Drug metabolism and disposition: the biological fate of chemicals

Is nuclear factor erythroid 2-related factor 2 responsible for sex differences in susceptibility to acetaminophen-induced hepatotoxicity in mice?

PMID 25092713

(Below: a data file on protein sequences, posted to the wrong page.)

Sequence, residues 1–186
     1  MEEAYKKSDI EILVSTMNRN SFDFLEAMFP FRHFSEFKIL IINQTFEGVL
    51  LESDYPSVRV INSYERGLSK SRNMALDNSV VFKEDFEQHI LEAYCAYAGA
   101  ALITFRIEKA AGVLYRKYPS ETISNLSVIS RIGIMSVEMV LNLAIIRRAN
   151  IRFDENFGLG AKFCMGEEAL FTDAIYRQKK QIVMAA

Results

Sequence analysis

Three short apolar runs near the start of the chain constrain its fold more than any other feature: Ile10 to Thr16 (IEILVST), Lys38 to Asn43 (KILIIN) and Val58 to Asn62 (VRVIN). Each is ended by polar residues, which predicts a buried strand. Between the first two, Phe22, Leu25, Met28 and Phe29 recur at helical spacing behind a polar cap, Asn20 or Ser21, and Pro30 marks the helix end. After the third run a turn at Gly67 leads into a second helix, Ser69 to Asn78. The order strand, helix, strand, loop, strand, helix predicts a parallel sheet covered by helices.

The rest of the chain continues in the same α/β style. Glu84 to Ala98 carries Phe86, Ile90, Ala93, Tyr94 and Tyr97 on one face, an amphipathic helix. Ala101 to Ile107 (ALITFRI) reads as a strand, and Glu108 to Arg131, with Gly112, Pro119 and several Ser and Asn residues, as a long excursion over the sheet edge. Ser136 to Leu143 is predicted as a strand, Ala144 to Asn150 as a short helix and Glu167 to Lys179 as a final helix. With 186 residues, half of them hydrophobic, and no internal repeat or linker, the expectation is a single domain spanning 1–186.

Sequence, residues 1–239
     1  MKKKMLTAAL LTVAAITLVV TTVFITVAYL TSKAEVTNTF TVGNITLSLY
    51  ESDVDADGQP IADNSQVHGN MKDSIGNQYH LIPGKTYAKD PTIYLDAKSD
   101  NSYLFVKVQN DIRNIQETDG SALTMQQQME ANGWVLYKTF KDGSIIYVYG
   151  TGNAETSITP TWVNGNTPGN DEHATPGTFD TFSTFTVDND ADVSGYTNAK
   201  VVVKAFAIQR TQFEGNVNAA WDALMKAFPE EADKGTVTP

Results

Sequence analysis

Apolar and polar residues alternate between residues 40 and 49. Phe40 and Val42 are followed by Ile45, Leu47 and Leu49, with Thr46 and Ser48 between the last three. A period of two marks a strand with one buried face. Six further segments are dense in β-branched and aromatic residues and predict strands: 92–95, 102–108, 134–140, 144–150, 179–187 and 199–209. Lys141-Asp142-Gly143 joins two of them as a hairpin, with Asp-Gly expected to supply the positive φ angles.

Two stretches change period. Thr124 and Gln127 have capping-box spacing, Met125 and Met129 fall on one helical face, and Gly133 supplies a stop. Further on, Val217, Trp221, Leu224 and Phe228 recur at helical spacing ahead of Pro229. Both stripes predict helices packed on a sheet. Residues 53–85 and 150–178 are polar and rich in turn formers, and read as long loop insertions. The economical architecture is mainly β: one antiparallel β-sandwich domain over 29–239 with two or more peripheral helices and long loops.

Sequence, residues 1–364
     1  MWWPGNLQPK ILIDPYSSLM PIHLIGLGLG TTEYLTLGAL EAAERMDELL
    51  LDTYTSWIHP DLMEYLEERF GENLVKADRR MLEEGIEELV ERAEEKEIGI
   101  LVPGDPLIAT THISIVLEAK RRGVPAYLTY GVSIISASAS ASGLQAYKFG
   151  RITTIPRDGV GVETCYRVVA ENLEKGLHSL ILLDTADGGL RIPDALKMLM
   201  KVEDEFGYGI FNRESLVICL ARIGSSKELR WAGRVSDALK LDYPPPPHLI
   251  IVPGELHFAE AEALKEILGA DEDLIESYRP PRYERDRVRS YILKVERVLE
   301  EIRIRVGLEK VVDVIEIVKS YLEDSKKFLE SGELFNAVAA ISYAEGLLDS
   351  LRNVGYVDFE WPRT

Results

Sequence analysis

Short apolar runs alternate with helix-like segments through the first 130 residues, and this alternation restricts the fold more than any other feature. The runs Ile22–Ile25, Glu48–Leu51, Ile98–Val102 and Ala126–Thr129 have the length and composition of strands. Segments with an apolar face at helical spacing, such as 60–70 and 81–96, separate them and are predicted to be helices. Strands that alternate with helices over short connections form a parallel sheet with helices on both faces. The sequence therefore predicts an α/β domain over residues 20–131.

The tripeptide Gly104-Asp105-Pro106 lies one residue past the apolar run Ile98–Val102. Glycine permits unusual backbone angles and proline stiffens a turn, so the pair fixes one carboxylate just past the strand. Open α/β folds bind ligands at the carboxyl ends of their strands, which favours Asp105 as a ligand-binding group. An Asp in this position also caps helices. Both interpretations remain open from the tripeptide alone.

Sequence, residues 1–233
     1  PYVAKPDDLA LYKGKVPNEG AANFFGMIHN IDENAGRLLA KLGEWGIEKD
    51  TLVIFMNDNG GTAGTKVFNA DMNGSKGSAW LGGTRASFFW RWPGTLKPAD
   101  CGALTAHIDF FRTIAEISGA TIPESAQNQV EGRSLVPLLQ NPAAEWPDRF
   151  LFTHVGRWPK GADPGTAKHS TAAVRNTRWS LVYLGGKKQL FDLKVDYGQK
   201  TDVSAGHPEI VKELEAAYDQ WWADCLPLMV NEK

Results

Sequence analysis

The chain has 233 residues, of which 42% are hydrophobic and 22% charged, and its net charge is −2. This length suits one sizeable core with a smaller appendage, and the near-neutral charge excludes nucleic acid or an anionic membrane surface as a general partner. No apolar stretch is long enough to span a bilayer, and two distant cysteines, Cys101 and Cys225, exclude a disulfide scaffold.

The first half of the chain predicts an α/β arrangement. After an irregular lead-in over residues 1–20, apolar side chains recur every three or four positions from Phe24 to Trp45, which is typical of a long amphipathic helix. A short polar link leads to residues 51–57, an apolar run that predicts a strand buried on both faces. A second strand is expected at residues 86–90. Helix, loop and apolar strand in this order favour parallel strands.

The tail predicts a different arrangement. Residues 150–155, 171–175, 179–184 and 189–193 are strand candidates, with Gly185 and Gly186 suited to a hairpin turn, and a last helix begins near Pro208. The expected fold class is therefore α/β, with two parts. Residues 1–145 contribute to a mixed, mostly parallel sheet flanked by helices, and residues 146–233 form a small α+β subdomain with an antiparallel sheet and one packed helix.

Nuclear factor erythroid 2-related factor 2 (Nrf2) is a transcription factor that positively regulates the expression and activity of cytoprotective genes during periods of oxidative stress. It has previously been shown that some Nrf2 genes are more highly expressed in livers of female than male mice. This could explain previously reported sex-related differences in susceptibility to acetaminophen (APAP) hepatotoxicity in mice, where females show greater resistance to APAP hepatotoxicity. Here, we examined, for the first time, differences in mRNA and protein expression for Nrf2 and a battery of Nrf2-dependent genes in naïve wild-type (WT) and overnight-fasted WT and Nrf2-null male and female mice following APAP treatment. Alanine aminotransferase (ALT) activity was measured as an indicator of hepatotoxicity. Hepatic mRNA and protein levels were measured by quantitative polymerase chain reaction and western blotting, respectively. Contrary to expectations, basal Nrf2 mRNA and protein expression were significantly lower in livers of naïve female than male mice. Although mRNA and/or protein expression of quinone oxidoreductase 1 and multidrug resistance-associated protein 4 was more pronounced in livers of female than male mice under some of the conditions examined, no higher global expression of Nrf2-dependent genes was detected in female mice. Furthermore, ALT activity was significantly elevated in overnight-fasted WT and Nrf2-null male mice following APAP treatment, but no increases in ALT were observed in either genotype of female mice. These results indicate that factors other than Nrf2 are responsible for the lower susceptibility of female mice to APAP hepatotoxicity.